NEW DANVILLE, Pa. — Not even the rainy, chilly weather could keep a steady stream of customers from stopping by the Cherry Hill Orchards outlet store.
According to Thomas Haas, owner and operator of the store and its adjoining orchard, business has been underway as usual for this time of year.
“I can tell what each week’s going to be,” Haas said of the seasonal customer flow. After years in the business, the change in visiting customers is about as predictable as the cycle of the fruit trees just outside.
The outlet store opened for business in 1980, when Haas was still in high school. His father, Richard, has grown and sold fruit in the area for over 50 years. When the younger Haas graduated school, he decided to enter the business with his dad.
They have maintained the orchard on the 165-acre farm since then. Haas grows apples, plums, peaches, cherries, blackberries, sweet corn and apricots.
With around 40 varieties of apples, it’s plain to see where the big draw is. This time of year in early April, only about a dozen or so remain up for sale in the store.
The fruit is distributed in thirds, with one third sold retail in the store, one third sold wholesale and one third available as pick-your-own when in season. Cherries and peaches are also big attractions.
The pick-your-own side of the business has also been in the community for generations.
“We have people who came here as kids bring their own kids now,” Haas said.
Their long-standing reputation in the area is key to the success of the business. Marketed as the largest pick-your-own and retail operation in Lancaster County, Cherry Hill Orchards has built a name for itself over the years that Haas strives to maintain.
According to Ryan Shenk, assistant orchard manager, the outlet store sells as much from Lancaster County businesses as it can — and is clear to advertise that. Besides the fruit from their own orchard, the store also sells varieties of honey, jellies, baked goods, maple syrup, salsas and fresh vegetables.
A selection of flowers from greenhouses just down the road add a colorful splash to the outside of the building.
Customizable gift baskets are also available at the store. Along with fruit, soup and pastry mixes, selections of meat and canned items may be added to the baskets. Each of the baskets is made on site by one of the store’s workers.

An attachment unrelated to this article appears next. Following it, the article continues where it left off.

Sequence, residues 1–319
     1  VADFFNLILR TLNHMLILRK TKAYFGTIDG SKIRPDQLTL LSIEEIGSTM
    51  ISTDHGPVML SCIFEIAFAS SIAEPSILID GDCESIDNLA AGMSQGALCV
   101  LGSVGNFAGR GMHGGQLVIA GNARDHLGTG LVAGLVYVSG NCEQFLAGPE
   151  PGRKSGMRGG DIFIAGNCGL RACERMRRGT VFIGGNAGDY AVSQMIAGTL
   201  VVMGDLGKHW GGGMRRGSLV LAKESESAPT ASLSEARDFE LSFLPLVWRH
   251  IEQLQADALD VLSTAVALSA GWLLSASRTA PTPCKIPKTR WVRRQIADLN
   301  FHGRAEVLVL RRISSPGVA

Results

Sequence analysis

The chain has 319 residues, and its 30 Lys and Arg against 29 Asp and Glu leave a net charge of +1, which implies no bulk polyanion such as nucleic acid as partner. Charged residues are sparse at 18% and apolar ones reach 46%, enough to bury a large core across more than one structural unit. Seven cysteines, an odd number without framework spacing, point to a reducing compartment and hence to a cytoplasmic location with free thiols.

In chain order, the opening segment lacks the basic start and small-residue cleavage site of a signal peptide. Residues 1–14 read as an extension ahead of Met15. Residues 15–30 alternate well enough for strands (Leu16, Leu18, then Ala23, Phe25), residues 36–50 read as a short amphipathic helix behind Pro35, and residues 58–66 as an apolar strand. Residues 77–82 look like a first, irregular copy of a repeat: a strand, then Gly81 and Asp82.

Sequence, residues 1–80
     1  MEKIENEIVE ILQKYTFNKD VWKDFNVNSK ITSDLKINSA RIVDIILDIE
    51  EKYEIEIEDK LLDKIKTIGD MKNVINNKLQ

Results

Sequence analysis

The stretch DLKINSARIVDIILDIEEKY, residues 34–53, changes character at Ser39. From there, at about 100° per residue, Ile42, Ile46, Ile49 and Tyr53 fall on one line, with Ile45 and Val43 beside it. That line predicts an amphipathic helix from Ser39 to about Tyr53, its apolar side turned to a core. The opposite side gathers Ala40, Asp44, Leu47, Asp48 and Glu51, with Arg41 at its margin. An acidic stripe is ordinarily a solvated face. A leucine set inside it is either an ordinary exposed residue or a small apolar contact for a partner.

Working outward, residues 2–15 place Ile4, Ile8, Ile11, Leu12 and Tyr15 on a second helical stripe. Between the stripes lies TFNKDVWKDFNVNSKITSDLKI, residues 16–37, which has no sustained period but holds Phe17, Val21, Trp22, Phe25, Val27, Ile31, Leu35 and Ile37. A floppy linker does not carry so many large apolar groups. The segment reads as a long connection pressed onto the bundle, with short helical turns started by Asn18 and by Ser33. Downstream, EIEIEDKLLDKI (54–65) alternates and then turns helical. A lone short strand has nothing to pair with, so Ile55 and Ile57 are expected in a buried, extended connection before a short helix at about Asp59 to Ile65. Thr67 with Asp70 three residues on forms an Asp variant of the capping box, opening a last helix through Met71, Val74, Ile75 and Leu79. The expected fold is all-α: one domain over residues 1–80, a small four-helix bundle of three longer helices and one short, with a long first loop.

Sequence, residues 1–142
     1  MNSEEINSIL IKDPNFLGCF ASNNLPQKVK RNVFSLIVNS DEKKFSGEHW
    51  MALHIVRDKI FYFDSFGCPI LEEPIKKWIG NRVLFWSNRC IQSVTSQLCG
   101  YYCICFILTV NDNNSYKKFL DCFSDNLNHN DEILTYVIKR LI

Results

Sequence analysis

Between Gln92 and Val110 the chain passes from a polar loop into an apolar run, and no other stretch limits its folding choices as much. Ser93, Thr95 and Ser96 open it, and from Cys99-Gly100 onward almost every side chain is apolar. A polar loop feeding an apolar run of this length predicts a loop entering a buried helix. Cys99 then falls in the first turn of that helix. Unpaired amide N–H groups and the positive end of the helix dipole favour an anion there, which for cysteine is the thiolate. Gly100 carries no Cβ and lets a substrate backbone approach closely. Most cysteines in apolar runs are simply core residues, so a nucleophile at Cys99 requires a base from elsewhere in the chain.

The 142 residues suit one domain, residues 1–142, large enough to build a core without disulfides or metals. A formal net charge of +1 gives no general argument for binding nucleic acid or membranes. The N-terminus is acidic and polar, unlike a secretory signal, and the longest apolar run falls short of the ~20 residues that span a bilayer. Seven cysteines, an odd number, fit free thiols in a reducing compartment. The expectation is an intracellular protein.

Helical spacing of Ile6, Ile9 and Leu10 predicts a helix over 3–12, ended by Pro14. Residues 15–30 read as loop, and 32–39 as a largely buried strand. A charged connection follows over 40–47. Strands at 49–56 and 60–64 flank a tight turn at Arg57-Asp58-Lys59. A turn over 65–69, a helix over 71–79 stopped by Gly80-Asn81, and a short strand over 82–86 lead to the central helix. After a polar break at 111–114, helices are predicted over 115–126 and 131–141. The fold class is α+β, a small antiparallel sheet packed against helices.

The operation has around 30 full-time employees who work at the different sectors of the business. Most of the employees work in the store or assist the pick-your-own operation. Haas said the real challenge is keeping people in the orchard during the harvesting season to pick the rest of the fruit.
Seasonal work for long days in the hot sun isn’t always appealing to local people. Increasingly, the business has had to turn elsewhere to find the manpower needed to prune, pick and sort the acres of fruit trees.
Haas has relied on migrant workers from Mexico for years, but stricter immigration rules and regulations have recently hindered that. The new challenge is trying to ensure that he can both keep these workers on for a season and have them return, especially while running the rest of the business.
In the fall, the orchard also offers pumpkin picking and hay rides around the property. Both pull in a good flow of additional customers during the cooler months.
Haas said it’s less about mainstream agritourism, and more for showcasing the natural beauty of the orchard and surrounding farmland to the public.
“We’re ambassadors to not only the farm, but agriculture too,” he said. Keeping up a long-standing presence in the community and opening the orchard to visitors is a crucial part of that vision.
Striving for the right quality in all the produce helps too. The “best eating quality” is looked for in every piece of fruit put up for sale. If a customer finds a problem with a purchase, they can bring it back to the store and exchange it.
Haas has received his fair share of accolades for the time and commitment that goes into his business.
In January, Haas received the Grower of the Year Award from the State Horticulture Association of Pennsylvania at the Mid-Atlantic Fruit and Vegetable Growers Banquet.
He also serves as a member of SHAP’s board and strategic planning committee.
That work ethic is evident even during the orchard’s off season.
“It’s seasonal work, but a year-round job.”